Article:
In The Omnivore\’s Dilemma, Michael Pollan tells of visiting a model sustainable farm. The farm sold pasture-fed chickens, and on \”chicken processing day\” Pollan felt obligated to slaughter a few chickens in order to experience every level of the trajectory of meat from farm to table.
He was shown how to place the chickens in the killing cones, how to hold their heads at just the right angle and sever the carotid artery with a single stroke of the knife. At the beginning, he was full of trepidation about the chickens\’ state. Were they distressed when they were placed into the cones? (They didn\’t seem to be.) Did they suffer when their throats were cut? (It was over quickly.) Would he be able to do the job neatly and efficiently, inflicting as little pain as possible?
He steeled himself and killed a chicken. Then a second, and a third. And he was utterly surprised by how quickly the sequence of actions became mechanical for him, how by the time he had \”processed\” a dozen chickens he was completely immersed in the technical aspects of the job, and dissociated from the animals he was slaughtering.
I know just how he felt. I had the very same thing happen to me in my first job after college. It was a temporary job, to fill a few months between graduation and graduate school, and I was happy to be hired by a research institute as assistant in a cancer lab. My job was to inoculate hamsters, mice and rats with cancer cells, divide them into treatment groups, inject them with various drugs, and keep track of every single animal–its weight, the growth rate of its tumor, and its date of death.
This was in the 1960s, long before the animal rights movement.
On the first day I was issued a thick leather glove for my left hand, for holding hamsters while my right hand did the injecting, measuring and weighing. I was taught how to catch and immobilize mice without getting bitten (the leather glove didn\’t work with mice, because you had to be quick and dexterous to work with them). I was taught how to hold big struggling rats without losing a finger. I was handed a very large forceps and shown how to \”sacrifice\” an animal by breaking its neck.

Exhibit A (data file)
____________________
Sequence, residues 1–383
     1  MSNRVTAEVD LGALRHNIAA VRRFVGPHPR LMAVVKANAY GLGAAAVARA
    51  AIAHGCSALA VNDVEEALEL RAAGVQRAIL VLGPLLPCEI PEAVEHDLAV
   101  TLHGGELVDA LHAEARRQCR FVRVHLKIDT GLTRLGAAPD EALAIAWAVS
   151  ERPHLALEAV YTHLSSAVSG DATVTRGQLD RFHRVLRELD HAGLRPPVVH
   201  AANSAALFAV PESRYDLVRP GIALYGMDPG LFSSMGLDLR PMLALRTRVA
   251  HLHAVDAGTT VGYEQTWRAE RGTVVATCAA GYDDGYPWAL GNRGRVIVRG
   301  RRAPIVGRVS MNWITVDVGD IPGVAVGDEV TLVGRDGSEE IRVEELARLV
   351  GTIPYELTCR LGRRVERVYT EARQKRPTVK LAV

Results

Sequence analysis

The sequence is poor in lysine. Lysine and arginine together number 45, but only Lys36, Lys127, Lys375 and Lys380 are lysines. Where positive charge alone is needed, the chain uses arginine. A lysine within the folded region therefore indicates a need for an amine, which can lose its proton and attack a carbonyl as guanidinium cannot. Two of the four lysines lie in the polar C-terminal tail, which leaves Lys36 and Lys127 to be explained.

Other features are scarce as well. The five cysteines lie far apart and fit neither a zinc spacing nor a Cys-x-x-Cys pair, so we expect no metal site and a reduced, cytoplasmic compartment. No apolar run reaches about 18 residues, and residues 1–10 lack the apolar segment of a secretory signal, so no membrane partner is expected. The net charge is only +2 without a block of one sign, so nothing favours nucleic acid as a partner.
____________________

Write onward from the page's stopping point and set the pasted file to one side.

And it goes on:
Sometimes, at the end of a short-term experiment involving, say, 200 mice, most of the animals were still alive. It was too time consuming to kill them one by one, so I was taken to a garbage pail full of dry ice and shown how to empty cage after cage of mice into it, where they would eventually suffocate.
At the end of the first day, I could barely drive myself home. My hair and my clothes reeked of the place, and I was shaken to the core by having had to kill small, warm, living things, and witnessing the suffering of the ones that were still alive.
But I was a biology major, and had prided myself in dealing dispassionately with fetal pigs and other animals on the dissecting table. As a very young woman in a world run by men who were ever on the lookout for signs of female weakness, I had learned to hide all symptoms of empathy and tenderness. Besides, it was a good job, and I couldn\’t very well spend the summer sitting at home reading French novels. So I stuck it out.
The first few days were terribly hard. At one point I messed up an experiment by using my forceps to euthanize some hamsters that I knew were at death\’s door. What difference could it make to record their death during the a.m. versus the p.m. check? \”You are interfering with the natural progression of the tumor,\” my supervisor told me kindly but firmly. \”The animals must die on their own time, without your help.\”
I will spare you further descriptions of that place. But to me the worst horror was how quickly I learned to tolerate it. Like Pollan with his chickens, I soon got immersed in the technical aspects of the work. I became the fastest weigher and measurer in the lab, kept meticulous records, helped my colleagues capture mice that had gotten loose. And while I didn\’t enjoy what I was doing, neither was I inwardly weeping for those animals.
I remember how shocked I was at the extent of my adaptability. And I remember how, suddenly, chapters in the history of humankind that had seemed inconceivable when I studied them in class became not only understandable, but plausible. Roman circuses, the Inquisition, Napoleon, the Holocaust–I could have been right there, cheering for the lions, lighting the pyres, slaughtering Spanish peasants, \”doing my job\” as a camp guard. Just how far was I capable of going? How much horror could I learn to tolerate?
I still haven\’t gotten over that experience. It taught me to mistrust myself and the rest of my species. But I don\’t know what to do with this insight into human nature–except perhaps to try to keep the mistrust of myself and the sense of horror alive.